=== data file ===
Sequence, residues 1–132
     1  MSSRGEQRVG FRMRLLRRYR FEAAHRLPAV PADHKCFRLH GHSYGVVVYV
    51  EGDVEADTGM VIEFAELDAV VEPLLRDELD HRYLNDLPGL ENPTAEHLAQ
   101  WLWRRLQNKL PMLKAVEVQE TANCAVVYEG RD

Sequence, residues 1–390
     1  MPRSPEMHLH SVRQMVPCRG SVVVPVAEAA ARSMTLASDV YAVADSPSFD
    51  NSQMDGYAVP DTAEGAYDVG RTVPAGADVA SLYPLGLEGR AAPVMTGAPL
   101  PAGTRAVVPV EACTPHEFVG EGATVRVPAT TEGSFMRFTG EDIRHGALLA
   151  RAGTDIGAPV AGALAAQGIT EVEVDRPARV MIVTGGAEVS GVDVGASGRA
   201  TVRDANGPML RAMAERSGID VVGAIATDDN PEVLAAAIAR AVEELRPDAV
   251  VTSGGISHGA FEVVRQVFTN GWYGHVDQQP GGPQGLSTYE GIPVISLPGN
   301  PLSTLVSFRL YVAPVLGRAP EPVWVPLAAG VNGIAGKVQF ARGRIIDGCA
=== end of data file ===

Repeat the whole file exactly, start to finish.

Sequence, residues 1–132
     1  MSSRGEQRVG FRMRLLRRYR FEAAHRLPAV PADHKCFRLH GHSYGVVVYV
    51  EGDVEADTGM VIEFAELDAV VEPLLRDELD HRYLNDLPGL ENPTAEHLAQ
   101  WLWRRLQNKL PMLKAVEVQE TANCAVVYEG RD

Sequence, residues 1–390
     1  MPRSPEMHLH SVRQMVPCRG SVVVPVAEAA ARSMTLASDV YAVADSPSFD
    51  NSQMDGYAVP DTAEGAYDVG RTVPAGADVA SLYPLGLEGR AAPVMTGAPL
   101  PAGTRAVVPV EACTPHEFVG EGATVRVPAT TEGSFMRFTG EDIRHGALLA
   151  RAGTDIGAPV AGALAAQGIT EVEVDRPARV MIVTGGAEVS GVDVGASGRA
   201  TVRDANGPML RAMAERSGID VVGAIATDDN PEVLAAAIAR AVEELRPDAV
   251  VTSGGISHGA FEVVRQVFTN GWYGHVDQQP GGPQGLSTYE GIPVISLPGN
   301  PLSTLVSFRL YVAPVLGRAP EPVWVPLAAG VNGIAGKVQF ARGRIIDGCA